Autism five times more common in low birth weight kids: Study

It's no secret that premature babies face all sorts of health problems, such as trouble breathing and anemia. But the March of Dimes says the number of babies being born prematurely is falling in the U.S. Its 2011 "report card" on preterm birth suggests that - thanks in part to lower rates of unnecessary C-sections and birth inductions - 40,000 more American babies got a healthy start in life between 2006 and 2009. But not all states received good grades for keeping their rates of premature births down. Vermont was the only state to earn an A - 16 got a B, and 19 a C. Who earned Ds and Fs? Keep clicking to find out... Wikimedia Commons

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Wikimedia Commons

(CBS) Has another risk factor for autism been uncovered? A new study shows that low-birth weight premature infants are five times more likely to have autism than children who are born at a normal weight.

PICTURES: Autism-spectrum disorders: 24 warning signs

For the government-funded study - published in the Oct. 17 issue of Pediatrics - researchers tracked 862 children born in New Jersey between 1984 and 1987. All weighed 4.4 pounds or less at birth. Children were screened for autism at birth, ages 2, 6, 9, 16, and 21.

By the end of the study, five percent of the children developed autism, compared with 1 percent of the population over that time.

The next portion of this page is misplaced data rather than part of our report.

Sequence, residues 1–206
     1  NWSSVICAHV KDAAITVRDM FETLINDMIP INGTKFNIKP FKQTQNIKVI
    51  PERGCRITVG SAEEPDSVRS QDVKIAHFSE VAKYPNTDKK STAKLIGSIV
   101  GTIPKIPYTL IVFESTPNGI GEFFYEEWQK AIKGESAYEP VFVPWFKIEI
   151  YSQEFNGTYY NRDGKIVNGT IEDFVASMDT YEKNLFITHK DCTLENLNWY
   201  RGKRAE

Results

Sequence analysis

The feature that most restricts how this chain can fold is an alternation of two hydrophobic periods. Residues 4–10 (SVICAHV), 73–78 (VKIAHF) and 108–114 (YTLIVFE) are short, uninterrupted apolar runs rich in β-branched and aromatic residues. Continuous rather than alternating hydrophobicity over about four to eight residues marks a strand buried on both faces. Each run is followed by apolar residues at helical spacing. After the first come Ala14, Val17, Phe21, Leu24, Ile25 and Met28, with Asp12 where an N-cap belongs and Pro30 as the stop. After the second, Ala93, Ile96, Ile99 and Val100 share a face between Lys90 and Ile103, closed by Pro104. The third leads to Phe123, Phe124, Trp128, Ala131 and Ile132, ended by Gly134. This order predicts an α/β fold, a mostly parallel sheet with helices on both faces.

What explains the link? The researchers believe low birth weight plays a role based on previous research linking low birth weight to cognitive and motor difficulties. They said some of the early cognitive difficulties seen in these children may hide underlying autism.

"The number of children with a diagnosis of autism is on the rise and [we] haven't been able to explain why," study author Dr. Jennifer Pinto-Martin, director of the Center for Autism and Developmental Disabilities Research and Epidemiology at Penn Nursing in Philadelphia, told Health.com. "It's partly a function of awareness and better diagnosis, but we do a better job of keeping tiny babies alive and this may be one consequence of that."

What should concerned parents do? If they have a low birth-weight child, get them screened by a doctor as early as they can. The study authors suggest doctors aren't screening these children for autism early and often enough.

"Developmental screening is often something that is pushed to the side," Pinto-Martin told Health.com. "It's important that we do a really good job of screening every single child."

Pinto-Martin said the earlier a child is screened, the better off that child may be long term if they do in fact have an autism spectrum disorder. "Early intervention improves long-term outcome and can help these children both at school and at home," she said in a written statement.

About 1 in 110 children has an autism spectrum disorder. Boys are four to five times more likely to have autism.

The CDC has more on autism spectrum disorders.

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